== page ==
Profitable ETF Trading Strategies: a brief look at technical analysis
If you are a trader that uses technical analysis, or if you are just considering applying some technical techniques to enhance your investing and trading strategies, my recommendation is make sure you start with just a few tools, and understand them thoroughly, rather than flit about from tool to tool like a bee investigating flowers.
The reason for this is that most technical indicators derive from price, and thus have a lot more in common than may be immediately apparent. If you only examine them superficially, at wave top level, instead of diving deep, chances are you will not get the full value of the insights that even the simplest ones can reliably provide.
You are also more likely to have a partial understanding of many tools and when you put them together you may think you have more information about the market than you really have and may then act with more confidence than is warranted. In the case of technical analysis it is especially true that a little knowledge is very dangerous.
There are some broad categories of technical tools available to describe various dimensions of market conditions. Two of the most important are: measures of trendingness and oscillators.
Measures of strength of trend: because the market seems to have different performance characteristics when the market is trending, it is useful to have an indicator that indicates when the market or the asset trend is sufficiently strong to begin specializing in trend following strategies. These strategies include making an entry with a wide enough stop to allow the trend to fully develop, but close enough that a true change in trend will allow you to exit the position with a percentage of profits intact. In trends that are very strong, the strategy of buying on dips can definitely improve your returns.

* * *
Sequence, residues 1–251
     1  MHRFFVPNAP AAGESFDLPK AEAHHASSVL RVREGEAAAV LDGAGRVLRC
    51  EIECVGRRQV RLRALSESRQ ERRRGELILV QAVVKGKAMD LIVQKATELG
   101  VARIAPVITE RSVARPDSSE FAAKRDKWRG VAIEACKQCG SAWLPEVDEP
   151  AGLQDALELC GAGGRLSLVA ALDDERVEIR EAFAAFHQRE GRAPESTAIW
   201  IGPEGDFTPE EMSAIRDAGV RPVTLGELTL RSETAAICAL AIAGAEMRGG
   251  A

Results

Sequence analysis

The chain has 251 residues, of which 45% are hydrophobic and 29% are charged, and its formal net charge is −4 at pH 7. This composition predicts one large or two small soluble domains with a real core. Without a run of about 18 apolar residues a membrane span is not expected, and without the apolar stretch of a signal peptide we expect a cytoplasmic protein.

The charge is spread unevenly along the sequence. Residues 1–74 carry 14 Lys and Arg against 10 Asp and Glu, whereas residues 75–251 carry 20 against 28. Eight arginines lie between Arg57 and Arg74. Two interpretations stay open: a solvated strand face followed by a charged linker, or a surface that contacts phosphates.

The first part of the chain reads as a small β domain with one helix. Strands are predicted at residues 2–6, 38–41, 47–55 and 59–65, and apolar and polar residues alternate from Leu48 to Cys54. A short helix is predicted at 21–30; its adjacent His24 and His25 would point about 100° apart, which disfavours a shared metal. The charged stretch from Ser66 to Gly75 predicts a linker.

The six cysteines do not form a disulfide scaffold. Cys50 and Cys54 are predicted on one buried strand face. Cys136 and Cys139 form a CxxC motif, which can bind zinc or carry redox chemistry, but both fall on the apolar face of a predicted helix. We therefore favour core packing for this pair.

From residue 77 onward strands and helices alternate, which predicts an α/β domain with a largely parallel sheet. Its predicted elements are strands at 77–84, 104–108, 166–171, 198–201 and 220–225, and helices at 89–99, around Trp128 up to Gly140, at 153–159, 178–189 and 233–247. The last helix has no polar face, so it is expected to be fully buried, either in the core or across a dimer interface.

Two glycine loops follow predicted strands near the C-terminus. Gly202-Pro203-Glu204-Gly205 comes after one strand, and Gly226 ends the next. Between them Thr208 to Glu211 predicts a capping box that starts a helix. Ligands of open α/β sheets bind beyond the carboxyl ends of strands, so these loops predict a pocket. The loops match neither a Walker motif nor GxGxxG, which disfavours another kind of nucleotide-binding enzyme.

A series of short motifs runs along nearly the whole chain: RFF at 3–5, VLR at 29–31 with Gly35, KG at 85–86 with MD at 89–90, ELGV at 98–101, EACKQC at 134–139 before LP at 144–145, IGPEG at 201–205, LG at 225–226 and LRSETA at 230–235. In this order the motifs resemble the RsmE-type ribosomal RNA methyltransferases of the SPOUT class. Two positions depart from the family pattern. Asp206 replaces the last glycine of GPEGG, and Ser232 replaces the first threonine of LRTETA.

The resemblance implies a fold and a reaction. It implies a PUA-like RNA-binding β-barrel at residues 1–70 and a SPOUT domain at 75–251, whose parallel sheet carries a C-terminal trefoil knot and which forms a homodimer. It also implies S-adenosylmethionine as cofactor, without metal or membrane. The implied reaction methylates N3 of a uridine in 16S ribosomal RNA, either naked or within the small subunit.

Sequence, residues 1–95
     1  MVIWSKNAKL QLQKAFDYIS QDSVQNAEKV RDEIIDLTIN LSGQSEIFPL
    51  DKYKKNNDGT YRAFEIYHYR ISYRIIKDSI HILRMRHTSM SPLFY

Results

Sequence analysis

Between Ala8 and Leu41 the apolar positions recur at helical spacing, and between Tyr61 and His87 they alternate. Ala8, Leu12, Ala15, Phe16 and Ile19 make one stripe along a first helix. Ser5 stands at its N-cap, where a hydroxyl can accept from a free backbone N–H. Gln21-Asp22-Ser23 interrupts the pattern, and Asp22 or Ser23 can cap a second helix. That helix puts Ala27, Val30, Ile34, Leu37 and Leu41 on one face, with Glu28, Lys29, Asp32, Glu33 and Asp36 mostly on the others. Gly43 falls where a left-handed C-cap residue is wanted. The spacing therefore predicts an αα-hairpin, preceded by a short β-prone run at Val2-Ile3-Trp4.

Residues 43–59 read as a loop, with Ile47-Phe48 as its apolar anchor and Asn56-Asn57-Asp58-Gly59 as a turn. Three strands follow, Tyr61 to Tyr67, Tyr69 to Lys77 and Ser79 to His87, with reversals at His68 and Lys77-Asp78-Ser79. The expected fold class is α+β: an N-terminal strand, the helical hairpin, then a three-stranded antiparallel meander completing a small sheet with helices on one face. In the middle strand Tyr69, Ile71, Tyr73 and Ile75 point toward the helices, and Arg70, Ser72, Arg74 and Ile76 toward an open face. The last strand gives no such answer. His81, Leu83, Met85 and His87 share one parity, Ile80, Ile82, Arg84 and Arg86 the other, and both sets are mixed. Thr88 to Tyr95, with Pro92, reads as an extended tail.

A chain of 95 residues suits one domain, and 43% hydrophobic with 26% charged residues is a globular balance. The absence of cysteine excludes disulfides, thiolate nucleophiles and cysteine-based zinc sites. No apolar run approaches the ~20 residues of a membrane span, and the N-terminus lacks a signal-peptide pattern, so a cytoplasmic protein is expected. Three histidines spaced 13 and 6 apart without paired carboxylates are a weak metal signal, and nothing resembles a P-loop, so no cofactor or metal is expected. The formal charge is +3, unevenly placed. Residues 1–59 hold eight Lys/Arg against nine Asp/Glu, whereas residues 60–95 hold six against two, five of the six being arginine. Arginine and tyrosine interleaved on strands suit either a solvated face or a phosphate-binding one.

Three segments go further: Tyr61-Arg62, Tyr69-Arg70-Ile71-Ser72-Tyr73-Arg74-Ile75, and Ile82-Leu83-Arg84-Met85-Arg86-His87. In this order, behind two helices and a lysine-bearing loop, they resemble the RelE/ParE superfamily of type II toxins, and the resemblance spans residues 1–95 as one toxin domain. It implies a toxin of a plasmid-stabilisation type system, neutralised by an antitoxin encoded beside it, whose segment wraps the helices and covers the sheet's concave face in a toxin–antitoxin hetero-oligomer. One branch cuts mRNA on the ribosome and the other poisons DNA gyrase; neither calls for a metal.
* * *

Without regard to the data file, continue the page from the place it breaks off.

Oscillators define periods of Overbought and Oversold, and are especially useful when the market is not trending up or down but can be considered to be in a band or a sideways trend. Authors disagree on what percentage of the time markets are found in this condition, and it is clear by visual inspection that some markets are trendier than others. However, all generally agree that the markets spend enough time in sideways conditions (or non-trending conditions) that having strategies optimized for these conditions can give you a significant edge.
For example, in a sideways market, with prices confined to a definable channel, you are looking to buy low in the channel and harvest near the top of the channel. If the market were trending though you would be inclined to buy near the top of a channel, anticipating a powerful breakout from resistance which would sweep you along to new profits.
Dr Alexander Elder is an author that I recommend for clear explanations of the purpose, construction and application of various technical analysis tools. His books are well suited for beginning traders looking to raise their understanding to the next level.